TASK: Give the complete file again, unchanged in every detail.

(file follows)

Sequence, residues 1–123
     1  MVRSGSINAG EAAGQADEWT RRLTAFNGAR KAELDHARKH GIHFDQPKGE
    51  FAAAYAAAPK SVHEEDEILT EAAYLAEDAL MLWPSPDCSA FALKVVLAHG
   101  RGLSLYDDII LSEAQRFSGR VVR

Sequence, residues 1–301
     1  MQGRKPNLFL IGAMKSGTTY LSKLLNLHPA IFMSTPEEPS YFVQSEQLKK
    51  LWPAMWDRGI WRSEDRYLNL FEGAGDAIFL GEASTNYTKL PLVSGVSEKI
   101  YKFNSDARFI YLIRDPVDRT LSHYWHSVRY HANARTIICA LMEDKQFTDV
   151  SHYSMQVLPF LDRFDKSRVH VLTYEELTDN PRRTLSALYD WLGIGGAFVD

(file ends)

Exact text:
Sequence, residues 1–123
     1  MVRSGSINAG EAAGQADEWT RRLTAFNGAR KAELDHARKH GIHFDQPKGE
    51  FAAAYAAAPK SVHEEDEILT EAAYLAEDAL MLWPSPDCSA FALKVVLAHG
   101  RGLSLYDDII LSEAQRFSGR VVR

Sequence, residues 1–301
     1  MQGRKPNLFL IGAMKSGTTY LSKLLNLHPA IFMSTPEEPS YFVQSEQLKK
    51  LWPAMWDRGI WRSEDRYLNL FEGAGDAIFL GEASTNYTKL PLVSGVSEKI
   101  YKFNSDARFI YLIRDPVDRT LSHYWHSVRY HANARTIICA LMEDKQFTDV
   151  SHYSMQVLPF LDRFDKSRVH VLTYEELTDN PRRTLSALYD WLGIGGAFVD